Los Angeles County voters are soon to pick a new sheriff from a field of seven candidates, each with a reasonably decent chance of making it to a runoff, and it's hard to overstate both how unusual and how momentous that is. The last time L.A. saw a sheriff's race like this, with no incumbent running and no single candidate so embraced by political kingmakers as to have a virtual lock on victory, this county's sheriff fought crime by raising posses and galloping after outlaws in rural lairs like the Hollywood Hills.
This new state of affairs, with voters rather than power brokers or the law enforcement establishment setting the Sheriff's Department's course, may turn out to be permanent. Or it may be a mere interlude in a long and continuing history of entrenched incumbency and unaccountability. Either way, the decision voters will make in the June 3 primary (and the Nov. 4 runoff, if no candidate emerges from the first round with more than half the vote) comes at a crucial time, culminating a period of rare public scrutiny of the Sheriff's Department's management, hiring, spending, internal discipline, candor and, especially, use of force against jail inmates and visitors. The election decision will have an impact for years to come.
The pivotal question before voters is whether they believe the department is emerging from a chaotic but limited period in which professional standards broke down, and that with Sheriff Lee Baca's departure and the continuing implementation of reforms urged by a citizens commission, it is now well on its way to recovery; or if instead it is continuing on a decades-long path that promotes cliques, secrecy and abuse, and needs a sweeping and dramatic change in culture.
If it's the former situation, as some of the candidates argue, all that is needed is the right candidate from the right departmental faction to complete a sweep of troublemakers and commit to better management of the jails, and all will be well.
But if the department's problems are not that recent or simple — and the evidence is overwhelming that they are not — what is needed is a candidate with the law enforcement credentials, the integrity, the backbone and the skills to march the deputies, their leaders and their culture through a rigorous and soul-searching reinvention, all while raising performance standards and recommitting the department to transparency and humane and constitutional treatment of suspects, inmates and the public at large.
That latter standard is the bar a candidate should meet. The one who comes closest is Long Beach Police Chief Jim McDonnell. The Times strongly recommends a vote for McDonnell for sheriff.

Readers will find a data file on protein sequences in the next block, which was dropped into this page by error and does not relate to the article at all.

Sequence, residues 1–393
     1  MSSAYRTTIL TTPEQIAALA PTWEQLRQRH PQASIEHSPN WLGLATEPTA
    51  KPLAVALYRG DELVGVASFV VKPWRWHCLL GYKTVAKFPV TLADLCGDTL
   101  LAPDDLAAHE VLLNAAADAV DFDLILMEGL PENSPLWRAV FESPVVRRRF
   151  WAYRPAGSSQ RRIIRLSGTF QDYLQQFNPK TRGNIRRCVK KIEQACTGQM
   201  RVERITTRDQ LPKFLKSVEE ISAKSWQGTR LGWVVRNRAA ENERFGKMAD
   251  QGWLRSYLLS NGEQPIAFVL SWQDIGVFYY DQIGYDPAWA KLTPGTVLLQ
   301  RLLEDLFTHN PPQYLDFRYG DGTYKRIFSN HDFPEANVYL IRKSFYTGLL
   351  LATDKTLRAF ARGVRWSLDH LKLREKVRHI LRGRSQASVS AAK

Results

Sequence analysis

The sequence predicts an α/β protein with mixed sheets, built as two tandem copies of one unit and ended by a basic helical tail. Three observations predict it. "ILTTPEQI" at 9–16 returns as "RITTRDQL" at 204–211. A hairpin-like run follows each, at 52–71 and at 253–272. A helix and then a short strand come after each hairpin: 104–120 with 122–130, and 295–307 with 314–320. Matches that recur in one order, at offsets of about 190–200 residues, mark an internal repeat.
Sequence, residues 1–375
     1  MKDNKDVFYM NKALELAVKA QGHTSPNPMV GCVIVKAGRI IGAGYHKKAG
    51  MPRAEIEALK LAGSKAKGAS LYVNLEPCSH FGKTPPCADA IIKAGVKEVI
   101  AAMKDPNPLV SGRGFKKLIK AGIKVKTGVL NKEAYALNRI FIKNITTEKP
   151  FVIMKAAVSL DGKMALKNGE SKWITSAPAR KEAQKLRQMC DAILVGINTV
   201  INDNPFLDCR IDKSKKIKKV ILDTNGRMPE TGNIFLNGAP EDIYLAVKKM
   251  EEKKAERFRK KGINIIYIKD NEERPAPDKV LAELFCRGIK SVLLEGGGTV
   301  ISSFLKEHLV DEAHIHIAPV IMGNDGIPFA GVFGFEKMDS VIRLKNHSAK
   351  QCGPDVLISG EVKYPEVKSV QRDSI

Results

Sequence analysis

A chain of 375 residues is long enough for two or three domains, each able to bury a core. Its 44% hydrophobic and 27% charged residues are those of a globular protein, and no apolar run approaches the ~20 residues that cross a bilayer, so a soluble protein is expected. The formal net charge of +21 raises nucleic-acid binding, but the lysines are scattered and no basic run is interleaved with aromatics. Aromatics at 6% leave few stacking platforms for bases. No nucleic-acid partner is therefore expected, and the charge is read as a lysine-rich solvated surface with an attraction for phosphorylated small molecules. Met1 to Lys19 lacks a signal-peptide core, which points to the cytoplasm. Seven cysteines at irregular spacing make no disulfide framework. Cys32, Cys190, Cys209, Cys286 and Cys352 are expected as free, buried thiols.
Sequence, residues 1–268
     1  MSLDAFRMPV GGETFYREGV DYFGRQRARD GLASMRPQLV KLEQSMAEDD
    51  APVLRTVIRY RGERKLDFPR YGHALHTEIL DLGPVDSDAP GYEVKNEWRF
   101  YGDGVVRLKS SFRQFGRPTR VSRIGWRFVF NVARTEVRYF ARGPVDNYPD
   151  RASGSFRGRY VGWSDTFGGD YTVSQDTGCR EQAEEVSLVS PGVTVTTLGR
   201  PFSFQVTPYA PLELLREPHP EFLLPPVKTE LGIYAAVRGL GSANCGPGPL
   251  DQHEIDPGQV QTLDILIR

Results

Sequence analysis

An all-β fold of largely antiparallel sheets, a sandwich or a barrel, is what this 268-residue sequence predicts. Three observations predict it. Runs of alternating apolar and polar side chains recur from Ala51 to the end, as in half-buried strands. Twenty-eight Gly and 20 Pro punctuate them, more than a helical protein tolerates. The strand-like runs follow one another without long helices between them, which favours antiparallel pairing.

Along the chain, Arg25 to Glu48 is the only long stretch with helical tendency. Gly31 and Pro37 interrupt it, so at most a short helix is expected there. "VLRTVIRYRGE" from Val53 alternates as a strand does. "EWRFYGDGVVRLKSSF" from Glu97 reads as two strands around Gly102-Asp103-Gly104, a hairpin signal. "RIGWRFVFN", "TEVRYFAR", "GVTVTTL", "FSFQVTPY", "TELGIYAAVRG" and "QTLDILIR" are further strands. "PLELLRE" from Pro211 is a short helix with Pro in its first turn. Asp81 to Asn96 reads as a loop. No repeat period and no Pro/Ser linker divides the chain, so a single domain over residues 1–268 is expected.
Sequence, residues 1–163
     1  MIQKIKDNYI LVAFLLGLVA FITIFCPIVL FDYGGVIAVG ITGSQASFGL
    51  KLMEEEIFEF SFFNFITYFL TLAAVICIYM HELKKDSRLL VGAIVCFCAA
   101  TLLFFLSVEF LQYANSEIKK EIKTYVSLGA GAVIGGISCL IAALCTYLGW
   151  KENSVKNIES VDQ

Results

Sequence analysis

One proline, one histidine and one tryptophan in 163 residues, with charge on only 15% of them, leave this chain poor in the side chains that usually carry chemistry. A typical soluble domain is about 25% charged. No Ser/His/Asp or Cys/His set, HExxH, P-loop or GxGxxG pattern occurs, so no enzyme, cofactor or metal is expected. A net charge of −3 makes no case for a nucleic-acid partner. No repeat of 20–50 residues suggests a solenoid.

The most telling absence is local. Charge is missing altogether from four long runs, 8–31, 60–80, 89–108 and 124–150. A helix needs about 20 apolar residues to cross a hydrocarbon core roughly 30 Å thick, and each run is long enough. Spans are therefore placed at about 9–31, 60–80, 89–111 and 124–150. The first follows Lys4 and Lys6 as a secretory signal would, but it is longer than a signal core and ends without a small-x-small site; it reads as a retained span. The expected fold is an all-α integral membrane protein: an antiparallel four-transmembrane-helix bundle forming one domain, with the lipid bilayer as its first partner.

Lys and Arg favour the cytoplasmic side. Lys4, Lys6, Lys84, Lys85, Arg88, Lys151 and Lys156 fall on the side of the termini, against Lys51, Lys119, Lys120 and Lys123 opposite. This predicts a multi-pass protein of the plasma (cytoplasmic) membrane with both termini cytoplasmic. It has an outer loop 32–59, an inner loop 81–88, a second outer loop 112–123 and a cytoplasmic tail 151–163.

Is McDonnell as good as his reputation? Does he have the will, as well as the command presence, to confront and prevail over what is sure to be resistance from entrenched elements in the Sheriff's Department?
The Times' editorial page is convinced. His tenure as Long Beach police chief has been short but impressive. Before that, he was a highly regarded second in command to the Los Angeles police chief, and although he was not the most publicly visible or vocal leader of the Los Angeles Police Department during the era of Rampart reforms, his leadership during that time was unmistakable to those who closely follow the LAPD. His quick mind and thoughtful analysis were apparent as he sat on the county's Citizens' Commission on Jail Violence that cut to the heart of problems in the Sheriff's Department and recommended decisive corrective action.
It is also important to note his long relationship with community groups, including law enforcement critics. Repairing relationships between the Sheriff's Department and the communities it serves must be a priority, not merely as a nice complement to strong leadership but as an essential component of it. McDonnell is noteworthy for his emphasis on respect — for the public and for the officers he leads.
Some sheriff's deputies and leaders, and some candidates, argue that the department's current situation is a far cry from the corrupt and abusive culture and the broken leadership that characterized the LAPD in the Rampart era. But they are wrong. Beyond the contempt shown to the people of Compton by conducting surveillance flyovers without telling them; beyond the weird sale of bulletproof vests to Cambodia; beyond the appalling hires of obviously unfit deputies from other departments; beyond the findings of race-based harassment in the Antelope Valley; beyond the staggering number of deputies arrested off duty (and in some cases on duty) for drunk driving; beyond the unfathomable cases of drugs smuggled into a jail (inside a burrito, no less), alleged fraud and weapons violations by deputies, and an inmate apparently being hidden from his FBI handlers, this is a department that for decades has been inadequate to the task of constitutional policing and jailing. It needs a reboot. It needs McDonnell.
Credit retired Cmdr. Robert Olmsted for his role in calling out abuse in the jails, but he is not the leader the department needs. Todd Rogers, especially, deserves notice for his commitment to community policing, and the integrity and professionalism he brings are badly needed in the department. But like other candidates, he need not hold the top spot to be part of the solution.
A note about candidate and former Undersheriff Paul Tanaka: His name comes up in virtually every report or interview about command breakdown and jail violence in the last five years of Baca's tenure. His attempts to explain some of his stunning directives — for example, his admonition to deputies to work in the "gray area" of the law and his later explanation that he meant they should use their discretion — are laughable. He is exactly the wrong person to lead the Sheriff's Department forward.
The right person is Jim McDonnell, and The Times urges a vote for him on June 3.